Hoping to grow volume for the sixth consecutive year, Steel Reserve Alloy Series is set to release its seventh flavor: Spiked Strawberry Burst.
The pink-colored flavored malt beverage, which has a bold strawberry flavor and a lingering sweet finish, is slated to hit shelves the first week of November.
Packed with the sweet, fruit-forward flavors favored by younger legal-age drinkers, Spiked Strawberry Burst “really hit it out of the park” in consumer testing and “will fit perfectly within the Alloy franchise,” says Alex Pascutoi, associate marketing manager for Steel Reserve Alloy Series.
“There’s a huge group of millennial consumers who are looking for bold flavors, and that’s where we’ve positioned Steel Reserve Alloy Series,” Pascutoi says.
The 8% alcohol-by-volume brand, which is known for its subversive branding, colorful appearance and fruity flavors, is up high single digits this year and has grown volume every year since its 2014 release, fueled by the release of new flavors.
Overall, the brand franchise is up 7.8% in volume and 8.3% in sales dollars year-to-date through Sept. 21, according to Nielsen all-outlet and convenience data. Pascutoi says the brand is performing even better in independent convenience stores, many of which Nielsen data does not capture.
Steel Reserve Alloy Series also is among the most productive/highest-turning brands in the higher-ABV FMB space, outperforming Four Loko, and Anheuser-Busch’s Ritas franchise and Natty Rush, per Nielsen data.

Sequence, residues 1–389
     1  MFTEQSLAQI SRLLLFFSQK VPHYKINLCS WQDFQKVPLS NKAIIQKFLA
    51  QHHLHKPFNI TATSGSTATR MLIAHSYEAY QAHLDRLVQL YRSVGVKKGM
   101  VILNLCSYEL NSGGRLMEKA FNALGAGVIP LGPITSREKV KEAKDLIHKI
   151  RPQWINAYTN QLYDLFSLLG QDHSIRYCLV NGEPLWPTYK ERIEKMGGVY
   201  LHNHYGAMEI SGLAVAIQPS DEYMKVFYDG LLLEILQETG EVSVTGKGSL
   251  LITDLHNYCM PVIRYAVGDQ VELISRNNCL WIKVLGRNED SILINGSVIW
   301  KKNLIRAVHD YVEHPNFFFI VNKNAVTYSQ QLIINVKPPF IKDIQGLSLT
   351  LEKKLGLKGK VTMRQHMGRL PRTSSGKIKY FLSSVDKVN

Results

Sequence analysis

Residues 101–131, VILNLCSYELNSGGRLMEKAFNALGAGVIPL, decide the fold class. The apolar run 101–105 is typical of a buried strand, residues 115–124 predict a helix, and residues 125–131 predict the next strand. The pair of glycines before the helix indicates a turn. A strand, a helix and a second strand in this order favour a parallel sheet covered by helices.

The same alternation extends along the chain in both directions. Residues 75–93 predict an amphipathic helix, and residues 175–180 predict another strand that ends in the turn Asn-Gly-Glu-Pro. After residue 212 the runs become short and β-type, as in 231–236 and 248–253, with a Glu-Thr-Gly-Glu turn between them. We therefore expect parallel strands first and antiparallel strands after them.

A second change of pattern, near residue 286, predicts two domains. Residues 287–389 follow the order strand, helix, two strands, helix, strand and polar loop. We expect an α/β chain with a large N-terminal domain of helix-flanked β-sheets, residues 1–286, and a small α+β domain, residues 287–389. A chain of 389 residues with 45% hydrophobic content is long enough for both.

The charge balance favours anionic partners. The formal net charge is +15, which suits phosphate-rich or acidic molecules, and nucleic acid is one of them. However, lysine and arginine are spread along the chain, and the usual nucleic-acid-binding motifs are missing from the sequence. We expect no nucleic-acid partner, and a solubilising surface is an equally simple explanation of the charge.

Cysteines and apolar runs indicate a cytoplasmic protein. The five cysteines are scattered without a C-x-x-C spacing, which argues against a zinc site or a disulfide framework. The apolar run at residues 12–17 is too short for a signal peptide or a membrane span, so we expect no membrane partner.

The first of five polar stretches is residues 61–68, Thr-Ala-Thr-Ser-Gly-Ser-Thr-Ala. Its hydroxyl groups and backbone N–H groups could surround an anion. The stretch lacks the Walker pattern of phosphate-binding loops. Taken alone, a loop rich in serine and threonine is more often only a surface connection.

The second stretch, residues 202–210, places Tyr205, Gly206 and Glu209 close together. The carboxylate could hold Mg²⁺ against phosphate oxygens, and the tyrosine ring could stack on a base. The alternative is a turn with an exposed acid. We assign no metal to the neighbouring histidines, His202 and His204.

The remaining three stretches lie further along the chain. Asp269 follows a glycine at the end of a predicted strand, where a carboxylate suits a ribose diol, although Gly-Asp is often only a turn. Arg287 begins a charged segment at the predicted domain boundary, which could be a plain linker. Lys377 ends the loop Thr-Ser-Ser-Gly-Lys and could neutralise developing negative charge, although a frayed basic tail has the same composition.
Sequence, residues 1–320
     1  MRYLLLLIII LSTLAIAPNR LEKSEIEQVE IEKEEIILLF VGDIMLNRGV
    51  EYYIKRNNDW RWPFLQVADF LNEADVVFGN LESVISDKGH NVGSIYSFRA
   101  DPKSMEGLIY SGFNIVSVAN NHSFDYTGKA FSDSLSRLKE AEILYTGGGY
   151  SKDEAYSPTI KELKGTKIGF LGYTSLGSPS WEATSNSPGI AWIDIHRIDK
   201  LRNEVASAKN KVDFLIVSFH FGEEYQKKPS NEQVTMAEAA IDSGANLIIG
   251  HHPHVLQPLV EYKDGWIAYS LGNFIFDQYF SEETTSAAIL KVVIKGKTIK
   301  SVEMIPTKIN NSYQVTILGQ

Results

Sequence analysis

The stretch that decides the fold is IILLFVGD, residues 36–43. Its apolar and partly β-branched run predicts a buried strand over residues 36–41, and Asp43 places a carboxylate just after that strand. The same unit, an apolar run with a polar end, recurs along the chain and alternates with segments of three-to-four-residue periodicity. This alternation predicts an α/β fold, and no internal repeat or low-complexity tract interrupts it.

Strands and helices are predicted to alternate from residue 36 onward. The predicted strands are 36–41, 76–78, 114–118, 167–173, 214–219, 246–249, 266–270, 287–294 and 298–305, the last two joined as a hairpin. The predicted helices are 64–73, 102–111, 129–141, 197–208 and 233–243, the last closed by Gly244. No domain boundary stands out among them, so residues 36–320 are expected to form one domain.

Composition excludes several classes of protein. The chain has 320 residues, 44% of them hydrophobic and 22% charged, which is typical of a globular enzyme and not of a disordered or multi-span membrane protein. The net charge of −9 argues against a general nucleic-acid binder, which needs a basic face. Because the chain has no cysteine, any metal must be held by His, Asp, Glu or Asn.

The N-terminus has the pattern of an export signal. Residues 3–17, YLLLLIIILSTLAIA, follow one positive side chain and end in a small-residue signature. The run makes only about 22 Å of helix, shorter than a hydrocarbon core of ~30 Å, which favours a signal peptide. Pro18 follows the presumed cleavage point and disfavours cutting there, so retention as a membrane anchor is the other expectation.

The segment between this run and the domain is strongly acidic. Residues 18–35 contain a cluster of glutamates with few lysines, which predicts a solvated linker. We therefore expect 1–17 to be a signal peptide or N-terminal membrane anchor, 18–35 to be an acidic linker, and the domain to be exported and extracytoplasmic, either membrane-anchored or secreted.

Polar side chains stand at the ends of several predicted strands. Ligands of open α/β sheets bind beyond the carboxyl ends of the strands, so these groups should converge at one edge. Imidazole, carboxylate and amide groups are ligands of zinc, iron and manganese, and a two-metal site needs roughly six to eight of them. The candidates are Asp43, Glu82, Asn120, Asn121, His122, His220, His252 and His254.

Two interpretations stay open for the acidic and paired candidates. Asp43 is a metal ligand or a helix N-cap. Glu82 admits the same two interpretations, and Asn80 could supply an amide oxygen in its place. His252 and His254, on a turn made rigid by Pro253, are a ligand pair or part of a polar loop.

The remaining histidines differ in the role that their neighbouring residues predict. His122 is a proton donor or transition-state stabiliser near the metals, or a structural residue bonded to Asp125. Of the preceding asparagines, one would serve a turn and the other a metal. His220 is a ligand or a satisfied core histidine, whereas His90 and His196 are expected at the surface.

Its top-selling flavors remain Spiked Pineapple and Spiked Blue Razz. Spiked Tropic Storm, which made its debut in January, is off to a strong start, Pascutoi says.
Because of its growth across the portfolio, the brand opted to keep all seven flavors available upon Spiked Strawberry Burst’s release. Pascutoi notes that some flavors sell better regionally, and the brand’s overall performance is best when more flavors are in the cooler door. When a retailer moves to five from four flavors, for instance, velocity increases 54%, per MillerCoors data. And when the number of flavors rises to six from five, velocity shoots up 72%.
“Our flavors are what carry us,” Pascutoi says. “And once we get a new flavor out to our consumers, they buy it and they come back.”